BuCor chief’s tough talk fails to stop bribes
MANILA, Philippines — Bureau of Corrections (BuCor) chief Gerald Bantag’s tough anticorruption stance has not deterred some rich and influential inmates at the New Bilibid Prison (NBP) from offering money to errant personnel in exchange for some liberties.
“[Bribery attempts] are still very rampant,” Bantag told reporters last week. “[I have not gotten an offer yet] but they will definitely try it.”
“History repeats itself, right? Are we expecting good deeds from these drug lords? They will buy even the souls of people here [just to get by],” he added.
Earlier, Bantag warned corrupt BuCor personnel that they had better pack up their things and leave because he would get rid of them.
“All of us here are suffering from low morale,” said an employee who asked not to be identified for fear of a backlash. “Who would not be disheartened after your new boss said that 95 percent of us here were corrupt?”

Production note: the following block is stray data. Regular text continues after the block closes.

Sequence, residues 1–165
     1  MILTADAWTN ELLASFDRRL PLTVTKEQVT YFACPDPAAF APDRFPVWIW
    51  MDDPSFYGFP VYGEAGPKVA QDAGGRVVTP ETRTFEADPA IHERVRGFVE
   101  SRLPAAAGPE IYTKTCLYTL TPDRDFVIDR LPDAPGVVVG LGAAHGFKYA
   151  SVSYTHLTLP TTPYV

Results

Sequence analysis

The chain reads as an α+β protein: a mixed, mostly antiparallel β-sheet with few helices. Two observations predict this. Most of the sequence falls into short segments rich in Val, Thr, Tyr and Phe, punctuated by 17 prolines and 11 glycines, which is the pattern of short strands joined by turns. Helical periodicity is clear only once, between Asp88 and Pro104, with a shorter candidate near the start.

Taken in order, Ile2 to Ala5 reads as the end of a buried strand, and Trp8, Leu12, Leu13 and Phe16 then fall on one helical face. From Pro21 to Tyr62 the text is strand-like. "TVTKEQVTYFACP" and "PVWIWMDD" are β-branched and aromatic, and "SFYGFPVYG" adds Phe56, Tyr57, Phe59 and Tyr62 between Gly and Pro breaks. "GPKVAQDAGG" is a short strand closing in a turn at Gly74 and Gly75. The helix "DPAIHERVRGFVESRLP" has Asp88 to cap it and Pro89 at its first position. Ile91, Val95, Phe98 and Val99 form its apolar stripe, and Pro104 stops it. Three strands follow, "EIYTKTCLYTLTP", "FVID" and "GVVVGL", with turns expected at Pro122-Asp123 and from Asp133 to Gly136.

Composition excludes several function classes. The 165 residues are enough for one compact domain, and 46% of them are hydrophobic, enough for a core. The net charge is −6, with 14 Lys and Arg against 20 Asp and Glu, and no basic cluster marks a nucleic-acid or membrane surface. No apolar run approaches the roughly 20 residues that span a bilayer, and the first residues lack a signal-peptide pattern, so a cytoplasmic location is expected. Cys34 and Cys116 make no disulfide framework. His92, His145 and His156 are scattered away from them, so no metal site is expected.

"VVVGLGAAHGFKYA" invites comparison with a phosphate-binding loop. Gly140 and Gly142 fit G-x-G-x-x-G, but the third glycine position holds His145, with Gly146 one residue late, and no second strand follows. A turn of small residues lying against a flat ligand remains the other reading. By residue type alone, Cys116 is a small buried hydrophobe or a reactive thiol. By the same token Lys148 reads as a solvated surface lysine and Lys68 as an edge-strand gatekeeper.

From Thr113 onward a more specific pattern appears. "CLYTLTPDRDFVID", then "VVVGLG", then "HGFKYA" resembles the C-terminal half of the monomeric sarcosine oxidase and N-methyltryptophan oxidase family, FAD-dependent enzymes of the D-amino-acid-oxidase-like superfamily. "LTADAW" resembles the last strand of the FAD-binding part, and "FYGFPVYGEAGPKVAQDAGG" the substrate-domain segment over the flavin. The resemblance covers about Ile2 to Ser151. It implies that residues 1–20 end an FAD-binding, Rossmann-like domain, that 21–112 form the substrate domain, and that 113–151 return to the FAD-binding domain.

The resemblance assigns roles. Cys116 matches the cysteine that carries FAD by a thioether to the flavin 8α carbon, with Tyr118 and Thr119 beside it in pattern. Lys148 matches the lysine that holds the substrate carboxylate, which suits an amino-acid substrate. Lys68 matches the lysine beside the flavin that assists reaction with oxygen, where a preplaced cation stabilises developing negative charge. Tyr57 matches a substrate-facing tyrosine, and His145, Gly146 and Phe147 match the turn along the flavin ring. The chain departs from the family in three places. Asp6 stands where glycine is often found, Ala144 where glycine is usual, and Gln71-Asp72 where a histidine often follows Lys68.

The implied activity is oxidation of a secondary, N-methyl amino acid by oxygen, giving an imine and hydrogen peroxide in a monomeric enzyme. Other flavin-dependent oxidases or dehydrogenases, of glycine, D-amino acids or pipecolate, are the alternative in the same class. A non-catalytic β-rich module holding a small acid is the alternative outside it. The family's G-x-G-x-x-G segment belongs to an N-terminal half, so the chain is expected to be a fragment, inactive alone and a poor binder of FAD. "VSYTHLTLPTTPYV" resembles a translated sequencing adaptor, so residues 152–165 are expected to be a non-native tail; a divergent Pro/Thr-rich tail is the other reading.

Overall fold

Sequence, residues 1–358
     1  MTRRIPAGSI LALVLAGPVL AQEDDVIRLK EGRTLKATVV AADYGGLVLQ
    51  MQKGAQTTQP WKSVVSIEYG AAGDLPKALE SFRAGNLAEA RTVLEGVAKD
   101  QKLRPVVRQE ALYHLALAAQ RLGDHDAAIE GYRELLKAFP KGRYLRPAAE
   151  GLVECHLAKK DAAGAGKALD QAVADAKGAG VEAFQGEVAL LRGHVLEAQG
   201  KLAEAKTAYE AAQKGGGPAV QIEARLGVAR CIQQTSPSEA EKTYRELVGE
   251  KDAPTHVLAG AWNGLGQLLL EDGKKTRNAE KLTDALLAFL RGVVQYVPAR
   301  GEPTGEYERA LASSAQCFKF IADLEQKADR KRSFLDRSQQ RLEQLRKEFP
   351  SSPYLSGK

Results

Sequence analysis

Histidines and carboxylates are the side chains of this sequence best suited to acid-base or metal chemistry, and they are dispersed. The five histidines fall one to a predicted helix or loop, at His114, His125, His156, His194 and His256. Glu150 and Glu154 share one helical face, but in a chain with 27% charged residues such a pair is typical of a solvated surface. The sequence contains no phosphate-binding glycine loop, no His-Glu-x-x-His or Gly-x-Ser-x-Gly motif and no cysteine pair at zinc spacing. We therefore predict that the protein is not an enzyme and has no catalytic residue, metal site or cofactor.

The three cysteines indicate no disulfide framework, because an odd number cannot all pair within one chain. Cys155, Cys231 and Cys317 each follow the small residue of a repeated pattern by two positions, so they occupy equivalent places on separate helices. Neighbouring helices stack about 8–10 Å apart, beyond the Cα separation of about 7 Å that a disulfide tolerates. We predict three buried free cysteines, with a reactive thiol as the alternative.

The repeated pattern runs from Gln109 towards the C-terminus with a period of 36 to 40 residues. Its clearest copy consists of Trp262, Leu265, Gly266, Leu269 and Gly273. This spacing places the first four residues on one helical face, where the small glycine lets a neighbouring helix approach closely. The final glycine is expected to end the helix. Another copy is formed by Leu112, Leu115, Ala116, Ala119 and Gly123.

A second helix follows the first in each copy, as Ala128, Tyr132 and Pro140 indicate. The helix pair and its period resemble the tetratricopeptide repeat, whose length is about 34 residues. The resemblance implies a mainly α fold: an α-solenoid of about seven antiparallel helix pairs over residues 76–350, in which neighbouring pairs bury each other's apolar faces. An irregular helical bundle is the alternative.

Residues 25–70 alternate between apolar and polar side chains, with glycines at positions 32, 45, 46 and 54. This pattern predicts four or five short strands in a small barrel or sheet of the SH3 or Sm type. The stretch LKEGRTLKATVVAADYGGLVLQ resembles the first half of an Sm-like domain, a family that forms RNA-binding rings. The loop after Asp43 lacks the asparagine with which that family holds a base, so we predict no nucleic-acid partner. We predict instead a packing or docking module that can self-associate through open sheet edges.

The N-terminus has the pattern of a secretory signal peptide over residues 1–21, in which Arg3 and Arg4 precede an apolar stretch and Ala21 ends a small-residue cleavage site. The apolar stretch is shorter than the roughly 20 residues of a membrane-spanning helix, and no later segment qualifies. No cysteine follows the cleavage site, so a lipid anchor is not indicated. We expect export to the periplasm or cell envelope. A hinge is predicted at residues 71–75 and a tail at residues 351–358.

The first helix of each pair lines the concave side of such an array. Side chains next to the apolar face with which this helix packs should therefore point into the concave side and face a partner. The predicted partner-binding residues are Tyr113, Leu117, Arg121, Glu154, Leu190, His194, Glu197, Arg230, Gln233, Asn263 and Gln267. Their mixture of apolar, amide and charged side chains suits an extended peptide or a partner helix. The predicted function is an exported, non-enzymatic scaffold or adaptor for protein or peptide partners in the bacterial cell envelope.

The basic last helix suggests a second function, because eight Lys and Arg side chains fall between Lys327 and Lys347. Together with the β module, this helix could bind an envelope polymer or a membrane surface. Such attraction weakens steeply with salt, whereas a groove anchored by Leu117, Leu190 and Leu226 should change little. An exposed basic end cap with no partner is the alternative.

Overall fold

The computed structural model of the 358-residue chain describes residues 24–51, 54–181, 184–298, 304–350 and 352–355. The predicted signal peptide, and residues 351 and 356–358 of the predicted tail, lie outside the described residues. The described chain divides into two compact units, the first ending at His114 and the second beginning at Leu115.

Shortly after he assumed the bureau’s leadership, Bantag relieved over 300 correction officers and ordered them to undergo retraining.
“But definitely, there will be [BuCor personnel] who will be fired,” he said although he declined to give a figure pending an evaluation.
Asked if he had any idea how the over 31,000 BuCor personnel felt about his negative perception of most of them, Bantag replied: “It would be better to ask them yourself about their feelings.”
A BuCor employee admitted that there were scalawags among their ranks but stressed that their new boss “should not have generalized that all of us were crooks.”
At least 30 officials and personnel of the bureau were ordered suspended by the Office of the Ombudsman after a recent Senate hearing exposed alleged corrupt practices, including the sale to inmates of good conduct time allowance credits and hospital passes for up to P2 million.
This was not the first time BuCor personnel were sacked en masse. In July 2016, more than 300 Special Action Force troopers took charge of security at the NBP after over 200 BuCor officers had to undergo retraining for failing to stop the drug trade in the prison.
On Sunday, a visitor to the maximum security compound was arrested after guards found drugs and SIM cards in the food he was bringing to an inmate.
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